The Beatles, lyric-sharing, and open access to music

Does lyric-sharing contribute to a more open music industry?

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This February marked the 50th year anniversary of the "Please Please Me" single in the US and the start of a year-long program of events to celebrate the Fab Four (The Beatles) in their hometown of Liverpool. 

Throughout the year of 1963, the popularity of The Beatles had been growing steadily with fan frenzy increasing. Beatlemania was officially declared on October 13, 1963 when The Beatles performed at the London Palladium to a British television audience of 15 million. Though The Beatles have been the most commercially successful and critically acclaimed act in the history of pop music, their role in fostering the open source movement is often forgotten or slighted.

Many would say that music has never been the same since The Beatles graced the world stage. Such young, talented, and innovative musicians sang their hearts out and captured the world with their charm, wit, and poise. They introduced the Liverpool (Scouse) accent and sense of humor to the world. They transformed history. They revolutionized the recording industry by turning the music establishment on its head. Elvis Presley has sold over a billion record units worldwide, more than anyone in the history of the record industry, but he never performed to live audiences outside the US.

The Beatles did, of course, perform to live audiences around the world. Nevertheless, The Beatles grew up listening to Elvis, watching his films, and worshipped him like millions did. Paul McCartney has said, "when we were kids growing up in Liverpool, all we ever wanted to be was Elvis Presley." After all, Elvis had been the King' of rock 'n roll and he was their idol.

Though Elvis had great taste and ability for musical arrangements, Elvis had songwriting input on only a very small number of songs. Colonel Tom Parker demanded Elvis get songwriting credit from songwriters so Elvis could collect the royalties. The Beatles, by contrast, insisted that they write and record their own songs. And they were the first group to do so to the extent that they did.

Few could rival the songwriting talent of John Lennon and Paul McCartney then or now. Not only did The Beatles release hit record after hit record, they fundamentally shook the music industry by releasing the complete lyrics with their epic album Sgt. Pepper's Lonely Hearts Club Band in 1967. No one had ever published the complete lyrics on a major pop/rock album before then. Such publication allowed the masses to actually read the words of a song. It raised the potential for copying, an up until then closed secret. Today, it is standard to print the lyrics.

The Beatles however did not believe music was the reserve of the elite or a subset of society. They had grown up listening to pop/rock on Radio Luxembourg and from American records that filtered into the port of Liverpool. As result, they had access and availability to music that others at the time lacked, partly based on Liverpool being a port and having a diverse population. The Beatles were thus exposed to a range of music and people, which they incorporated into their songs. As teens, they listened to Elvis's songs on the radio and then emulated him, but without breaking any copyright laws.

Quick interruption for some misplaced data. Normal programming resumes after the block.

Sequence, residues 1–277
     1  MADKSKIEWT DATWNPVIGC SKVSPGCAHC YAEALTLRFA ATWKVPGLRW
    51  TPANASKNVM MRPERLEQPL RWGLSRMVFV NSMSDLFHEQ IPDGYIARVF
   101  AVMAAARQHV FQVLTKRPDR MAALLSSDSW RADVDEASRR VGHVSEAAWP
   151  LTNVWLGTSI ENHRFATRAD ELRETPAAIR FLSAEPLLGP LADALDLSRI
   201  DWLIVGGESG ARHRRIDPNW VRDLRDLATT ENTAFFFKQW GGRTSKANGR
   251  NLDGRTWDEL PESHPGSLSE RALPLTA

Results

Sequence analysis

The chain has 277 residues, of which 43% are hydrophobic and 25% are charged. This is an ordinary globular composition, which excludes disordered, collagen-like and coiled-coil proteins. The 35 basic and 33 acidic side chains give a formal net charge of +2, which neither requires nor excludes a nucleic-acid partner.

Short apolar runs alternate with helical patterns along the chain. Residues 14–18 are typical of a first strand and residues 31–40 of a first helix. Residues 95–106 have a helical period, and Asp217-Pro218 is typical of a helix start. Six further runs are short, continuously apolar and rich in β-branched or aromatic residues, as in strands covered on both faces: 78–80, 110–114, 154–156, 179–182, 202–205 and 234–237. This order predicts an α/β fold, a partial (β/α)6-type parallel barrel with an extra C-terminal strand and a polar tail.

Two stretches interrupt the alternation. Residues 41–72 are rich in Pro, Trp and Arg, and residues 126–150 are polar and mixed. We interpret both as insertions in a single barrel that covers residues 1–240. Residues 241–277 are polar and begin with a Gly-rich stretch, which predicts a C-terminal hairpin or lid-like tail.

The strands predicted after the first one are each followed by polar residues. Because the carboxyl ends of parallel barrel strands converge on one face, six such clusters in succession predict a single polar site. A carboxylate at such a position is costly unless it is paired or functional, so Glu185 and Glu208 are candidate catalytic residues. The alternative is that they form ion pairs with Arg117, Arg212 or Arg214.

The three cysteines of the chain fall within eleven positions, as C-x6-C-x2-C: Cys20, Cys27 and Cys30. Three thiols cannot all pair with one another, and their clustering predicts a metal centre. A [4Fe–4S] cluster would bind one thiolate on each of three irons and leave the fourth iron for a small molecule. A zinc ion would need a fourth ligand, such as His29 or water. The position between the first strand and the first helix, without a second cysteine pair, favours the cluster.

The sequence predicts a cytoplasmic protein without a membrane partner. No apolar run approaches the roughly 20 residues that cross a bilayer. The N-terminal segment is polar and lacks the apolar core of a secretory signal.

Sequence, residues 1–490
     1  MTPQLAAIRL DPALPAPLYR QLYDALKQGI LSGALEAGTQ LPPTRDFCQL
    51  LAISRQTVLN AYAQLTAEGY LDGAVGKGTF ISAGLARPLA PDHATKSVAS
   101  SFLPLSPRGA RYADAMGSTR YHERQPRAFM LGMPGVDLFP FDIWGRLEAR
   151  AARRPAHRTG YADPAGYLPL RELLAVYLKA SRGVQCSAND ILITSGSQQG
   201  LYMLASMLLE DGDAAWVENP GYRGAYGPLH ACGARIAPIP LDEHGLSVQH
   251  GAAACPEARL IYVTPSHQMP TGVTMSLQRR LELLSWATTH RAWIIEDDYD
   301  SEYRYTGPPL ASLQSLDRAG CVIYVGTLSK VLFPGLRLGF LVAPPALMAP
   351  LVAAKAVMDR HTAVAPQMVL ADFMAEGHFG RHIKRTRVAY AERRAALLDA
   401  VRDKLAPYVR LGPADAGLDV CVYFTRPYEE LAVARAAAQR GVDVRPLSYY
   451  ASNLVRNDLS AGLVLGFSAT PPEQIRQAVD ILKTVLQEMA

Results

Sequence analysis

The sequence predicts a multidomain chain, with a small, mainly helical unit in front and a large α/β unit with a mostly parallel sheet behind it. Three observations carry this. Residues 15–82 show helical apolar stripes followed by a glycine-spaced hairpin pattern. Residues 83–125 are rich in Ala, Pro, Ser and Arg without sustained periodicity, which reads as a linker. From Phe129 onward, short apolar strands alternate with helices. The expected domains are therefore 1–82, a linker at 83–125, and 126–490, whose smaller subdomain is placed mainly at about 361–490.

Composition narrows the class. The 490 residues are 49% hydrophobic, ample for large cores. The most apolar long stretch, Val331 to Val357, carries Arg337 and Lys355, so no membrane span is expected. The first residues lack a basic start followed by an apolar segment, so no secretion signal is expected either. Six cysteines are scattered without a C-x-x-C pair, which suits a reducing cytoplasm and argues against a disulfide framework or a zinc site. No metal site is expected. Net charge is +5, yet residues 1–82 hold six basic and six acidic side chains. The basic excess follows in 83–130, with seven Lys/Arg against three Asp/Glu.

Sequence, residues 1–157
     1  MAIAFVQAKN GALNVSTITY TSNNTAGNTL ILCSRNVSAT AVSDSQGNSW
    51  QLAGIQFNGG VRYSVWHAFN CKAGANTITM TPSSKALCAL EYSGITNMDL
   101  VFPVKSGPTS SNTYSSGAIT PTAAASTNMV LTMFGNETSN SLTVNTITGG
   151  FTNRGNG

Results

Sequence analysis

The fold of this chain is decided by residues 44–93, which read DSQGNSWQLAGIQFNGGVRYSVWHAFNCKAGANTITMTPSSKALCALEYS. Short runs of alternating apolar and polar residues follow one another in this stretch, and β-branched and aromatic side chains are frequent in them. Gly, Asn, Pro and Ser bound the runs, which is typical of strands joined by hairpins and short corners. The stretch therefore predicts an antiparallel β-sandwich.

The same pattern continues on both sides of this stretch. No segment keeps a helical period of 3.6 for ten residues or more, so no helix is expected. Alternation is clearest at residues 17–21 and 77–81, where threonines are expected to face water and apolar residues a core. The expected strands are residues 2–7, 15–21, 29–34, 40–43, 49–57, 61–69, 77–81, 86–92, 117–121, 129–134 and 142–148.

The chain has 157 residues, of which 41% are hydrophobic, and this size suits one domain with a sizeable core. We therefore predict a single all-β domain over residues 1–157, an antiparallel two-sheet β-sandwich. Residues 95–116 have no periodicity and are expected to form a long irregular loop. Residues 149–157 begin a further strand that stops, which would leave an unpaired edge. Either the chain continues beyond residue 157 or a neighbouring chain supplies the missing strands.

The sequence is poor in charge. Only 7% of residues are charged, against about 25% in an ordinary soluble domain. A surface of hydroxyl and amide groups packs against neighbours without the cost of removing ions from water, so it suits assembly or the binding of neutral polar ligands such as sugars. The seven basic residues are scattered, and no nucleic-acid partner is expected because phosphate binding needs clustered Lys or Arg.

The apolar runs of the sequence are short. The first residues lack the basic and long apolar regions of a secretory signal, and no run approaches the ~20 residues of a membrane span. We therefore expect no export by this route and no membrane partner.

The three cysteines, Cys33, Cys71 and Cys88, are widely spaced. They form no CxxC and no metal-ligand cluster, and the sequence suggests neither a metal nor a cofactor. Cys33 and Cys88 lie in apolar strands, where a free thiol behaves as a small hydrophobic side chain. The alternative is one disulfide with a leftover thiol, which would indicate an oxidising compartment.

Moreover neither John, Paul, George, nor Ringo had any formal musical training. Their childhood upbringings still speak and hold meaning for kids who dream and yearn for stardom. And it's great for children who are unable to visit Liverpool to be able to follow the lives of The Beatles and see how they journeyed from such hardscrabble beginnings to global musical icons.

Once Beatlemania struck full force, The Beatles soon became a global phenomenon and in particular fostered transatlantic links between Britain and the United States. Before Beatlemania, there were music groups or singers like Buddy Holly and the Crickets, or Elvis, that enjoyed success on both sides of the Atlantic. In the autumn of 1963, with screaming young fans, especially girls, appearing everywhere in Britain and across Europe, Beatlemania was becoming a sensation and spreading. On February 9, 1964, The Beatles made history when they gave their first live US television performance on The Ed Sullivan Show, with approximately 73 million viewers. It is one of the biggest moments in television history.

At heart, The Beatles remained innovators. In 1965, they performed the first stadium rock concert to a live audience of 55,000 at Shea Stadium in Queens, New York; comically few had doubted the success of it. In 1966, they produced the first music video with Paperback Writer; the original television music channel for playing music videos did not come out until August 1981 and the ability to watch such music videos online did not really exist until 2005, and until platforms like YouTube. In 1967, The Beatles performed the first live global satellite broadcast with "Our World" to an audience in 19 countries. Some could argue that these attempts, especially the first live global satellite broadcast, helped to create a more open, global society with digital technology.

Recently, The Beatles made history again in January 2013, as "Love Me Do" and "P.S. I Love You" entered the public domain in Europe. As lyrics to songs and musical compositions become available to the public, do you think they contribute to a more open music industry?

About the author

Carolyn Fox - Carolyn Fox is an educator, librarian, historian, and an un/homeschooling mother. She lives in Massachusetts with her UK husband and son.